Richard Serino, the longtime chief of Boston Emergency Medical Services, was officially sworn in yesterday as deputy administrator of the Federal Emergency Management Agency, the agency's number two post.
Serino, 55, was nominated to the position in July by President Obama and will serve during a critical time for the country's homeland security operations. In his new role, he will help design emergency response plans for major cities across the country and manage responses to disasters, ranging from hurricanes to terrorist attacks.
From the Miami Herald, about the first doses of the H1N1 vaccine in Florida:
Eight-year-old Bryan Lechuga was unimpressed when the nurse pushed the syringe up his nose to deliver one of South Florida's first doses of vaccine against H1N1 swine flu on Monday.
Did the dose, delivered as a mist,
Did it tickle?`
Does he know what swine flu is?'
His mom knew, however, as did the moms of more than 50 students who showed up at Broadmoor Elementary in Miami-Dade County and at six public schools in Broward on Monday for the first day of vaccinations of the newly arrived H1N1 vaccine.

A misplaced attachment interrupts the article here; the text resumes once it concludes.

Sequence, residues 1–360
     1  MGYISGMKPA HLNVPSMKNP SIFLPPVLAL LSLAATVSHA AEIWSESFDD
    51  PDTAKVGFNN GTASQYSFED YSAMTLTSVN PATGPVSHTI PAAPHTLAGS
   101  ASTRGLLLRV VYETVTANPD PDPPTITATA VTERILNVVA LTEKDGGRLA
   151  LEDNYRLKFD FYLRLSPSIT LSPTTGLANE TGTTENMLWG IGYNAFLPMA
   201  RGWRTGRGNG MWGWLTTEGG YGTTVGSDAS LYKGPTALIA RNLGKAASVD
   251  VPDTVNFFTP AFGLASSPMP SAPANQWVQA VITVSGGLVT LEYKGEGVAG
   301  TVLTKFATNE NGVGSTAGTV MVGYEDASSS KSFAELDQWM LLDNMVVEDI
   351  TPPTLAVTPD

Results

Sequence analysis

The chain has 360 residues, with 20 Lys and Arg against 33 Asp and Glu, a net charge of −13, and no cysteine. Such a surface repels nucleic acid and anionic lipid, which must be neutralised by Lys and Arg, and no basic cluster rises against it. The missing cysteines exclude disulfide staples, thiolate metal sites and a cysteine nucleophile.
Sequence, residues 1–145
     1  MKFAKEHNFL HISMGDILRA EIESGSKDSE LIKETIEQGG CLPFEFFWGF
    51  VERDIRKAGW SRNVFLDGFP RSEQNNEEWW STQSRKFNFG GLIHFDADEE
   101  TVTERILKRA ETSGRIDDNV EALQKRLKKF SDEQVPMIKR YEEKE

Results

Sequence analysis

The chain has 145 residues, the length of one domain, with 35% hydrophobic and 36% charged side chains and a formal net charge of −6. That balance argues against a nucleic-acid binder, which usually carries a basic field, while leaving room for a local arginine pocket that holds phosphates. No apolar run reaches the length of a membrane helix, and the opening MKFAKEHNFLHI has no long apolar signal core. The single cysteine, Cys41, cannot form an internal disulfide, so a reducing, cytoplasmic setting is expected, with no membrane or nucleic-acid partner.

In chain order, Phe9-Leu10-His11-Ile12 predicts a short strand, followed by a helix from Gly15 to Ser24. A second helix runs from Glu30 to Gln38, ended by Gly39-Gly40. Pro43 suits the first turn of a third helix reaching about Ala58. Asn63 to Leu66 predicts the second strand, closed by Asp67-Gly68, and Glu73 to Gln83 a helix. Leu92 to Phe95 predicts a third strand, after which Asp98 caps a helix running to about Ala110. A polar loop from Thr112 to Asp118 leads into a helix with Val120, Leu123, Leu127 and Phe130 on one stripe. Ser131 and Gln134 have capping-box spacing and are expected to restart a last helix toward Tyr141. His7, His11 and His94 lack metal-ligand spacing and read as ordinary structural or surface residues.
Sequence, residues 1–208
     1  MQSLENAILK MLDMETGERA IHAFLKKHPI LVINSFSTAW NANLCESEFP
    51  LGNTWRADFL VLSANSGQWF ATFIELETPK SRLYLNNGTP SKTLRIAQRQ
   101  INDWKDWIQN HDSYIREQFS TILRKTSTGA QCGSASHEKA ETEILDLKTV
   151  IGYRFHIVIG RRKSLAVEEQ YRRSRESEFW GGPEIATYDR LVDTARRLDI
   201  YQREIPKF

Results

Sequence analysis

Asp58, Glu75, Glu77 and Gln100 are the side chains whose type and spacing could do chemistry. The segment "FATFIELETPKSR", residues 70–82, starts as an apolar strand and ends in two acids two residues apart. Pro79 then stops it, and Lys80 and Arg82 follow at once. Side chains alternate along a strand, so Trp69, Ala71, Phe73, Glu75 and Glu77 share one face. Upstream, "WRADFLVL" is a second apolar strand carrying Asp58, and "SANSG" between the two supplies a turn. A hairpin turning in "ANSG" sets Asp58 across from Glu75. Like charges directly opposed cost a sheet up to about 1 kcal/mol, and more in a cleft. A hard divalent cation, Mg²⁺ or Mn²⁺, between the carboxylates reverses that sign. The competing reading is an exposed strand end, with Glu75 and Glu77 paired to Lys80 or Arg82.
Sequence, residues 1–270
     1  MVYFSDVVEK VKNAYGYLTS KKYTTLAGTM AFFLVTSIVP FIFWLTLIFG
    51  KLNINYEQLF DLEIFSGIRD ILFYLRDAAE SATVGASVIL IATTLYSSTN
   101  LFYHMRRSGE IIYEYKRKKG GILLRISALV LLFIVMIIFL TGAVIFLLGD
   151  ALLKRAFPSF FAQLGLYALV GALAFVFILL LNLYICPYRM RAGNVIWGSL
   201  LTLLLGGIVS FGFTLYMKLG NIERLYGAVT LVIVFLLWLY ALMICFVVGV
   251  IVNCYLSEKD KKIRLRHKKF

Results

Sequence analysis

School-age children will get most of the first shipment of vaccines in South Florida, and remaining doses will go to private physicians and federal and county health clinics for those who are most at risk: pregnant women; caretakers of infants under 5 months of age; young people 2 to 24; people 25 to 64 who have chronic conditions such as asthma or diabetes; and healthcare workers, emergency personnel and other first responders.
11 AM EDT
Secretary Napolitano will deliver a special Web-only address about cybersecurity via live streaming video at www.dhs.gov
2 PM EDT
FEMA National Preparedness Directorate Deputy Administrator Timothy Manning will testify about caring for the elderly, children and individuals with special needs before the House Transportation and Infrastructure Committee, Subcommittee on Economic Development, Public Buildings and Emergency Management
2167 Rayburn House Office Building